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How Trump's tariff on Mexico will affect Michigan's bean industry

Brent Hofacker / Adobe Stock

U.S. and Mexican officials are still trying to find a solution to avoid President Donald Trump’s threatened tariffs. Trump says a 5% tariff on all goods from Mexico is in retaliation for migrants crossing the border into the U.S.

Joe Cramer is the executive director of the Michigan Bean Commission. He says after the U.S., Mexico is the bean industry’s biggest trading partner.

The Michgian Bean Commission's website says Michigan is known throughout the world as a top producer of dry edible beans. "We're a little nervous that we've damaged that relationship by not being the preferred supplier that we've worked so hard to become," Cramer said on Stateside Wednesday. "We're very anxious to get this behind us and try to patch the wounds a little bit and move on."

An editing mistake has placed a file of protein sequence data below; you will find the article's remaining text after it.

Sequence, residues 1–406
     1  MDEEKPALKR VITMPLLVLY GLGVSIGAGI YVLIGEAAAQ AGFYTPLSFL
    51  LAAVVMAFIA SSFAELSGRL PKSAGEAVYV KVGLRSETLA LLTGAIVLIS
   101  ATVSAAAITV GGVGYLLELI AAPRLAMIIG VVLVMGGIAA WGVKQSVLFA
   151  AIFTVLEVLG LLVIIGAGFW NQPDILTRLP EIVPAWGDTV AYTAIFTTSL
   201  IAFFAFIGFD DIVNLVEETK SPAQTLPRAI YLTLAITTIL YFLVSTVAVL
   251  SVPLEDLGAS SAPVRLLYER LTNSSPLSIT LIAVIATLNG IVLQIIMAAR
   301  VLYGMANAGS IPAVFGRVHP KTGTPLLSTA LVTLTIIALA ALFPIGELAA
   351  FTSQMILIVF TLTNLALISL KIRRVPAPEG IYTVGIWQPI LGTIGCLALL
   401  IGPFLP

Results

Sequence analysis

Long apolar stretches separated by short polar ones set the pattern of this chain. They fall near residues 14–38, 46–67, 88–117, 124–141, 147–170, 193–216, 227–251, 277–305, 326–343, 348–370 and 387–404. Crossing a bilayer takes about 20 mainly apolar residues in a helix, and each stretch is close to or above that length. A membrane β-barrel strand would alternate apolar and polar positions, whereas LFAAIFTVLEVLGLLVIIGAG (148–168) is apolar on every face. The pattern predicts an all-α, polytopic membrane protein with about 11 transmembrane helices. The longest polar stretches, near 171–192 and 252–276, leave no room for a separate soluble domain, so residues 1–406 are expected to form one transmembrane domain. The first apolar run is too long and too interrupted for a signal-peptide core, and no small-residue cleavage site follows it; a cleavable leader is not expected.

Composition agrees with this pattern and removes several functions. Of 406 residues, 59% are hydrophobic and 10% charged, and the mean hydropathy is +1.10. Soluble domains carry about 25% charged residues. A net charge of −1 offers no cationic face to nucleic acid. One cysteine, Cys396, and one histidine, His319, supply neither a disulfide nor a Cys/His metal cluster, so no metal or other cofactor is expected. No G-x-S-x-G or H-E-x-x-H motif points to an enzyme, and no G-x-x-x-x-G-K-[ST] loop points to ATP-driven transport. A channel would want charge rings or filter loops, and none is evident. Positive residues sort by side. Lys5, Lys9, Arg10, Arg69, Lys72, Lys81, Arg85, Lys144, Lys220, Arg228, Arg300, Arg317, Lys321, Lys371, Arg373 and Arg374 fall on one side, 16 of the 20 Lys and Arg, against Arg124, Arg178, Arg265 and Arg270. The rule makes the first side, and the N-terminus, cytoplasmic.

The tariff is set to kick in Monday, June 10. It could be cranked up as high as 25% by October.

"Ramping up tariffs through the growing seasons isn't going to help any of those relationships by any means," Cramer said. "We think we understand the challenge, we being the driving growers in the state of Michigan, but at the same time we don't really want to carry the load on that either of fixing or solving those problem."

In atweet, President Trump said the tariff will gradually increase until problem is remedied.

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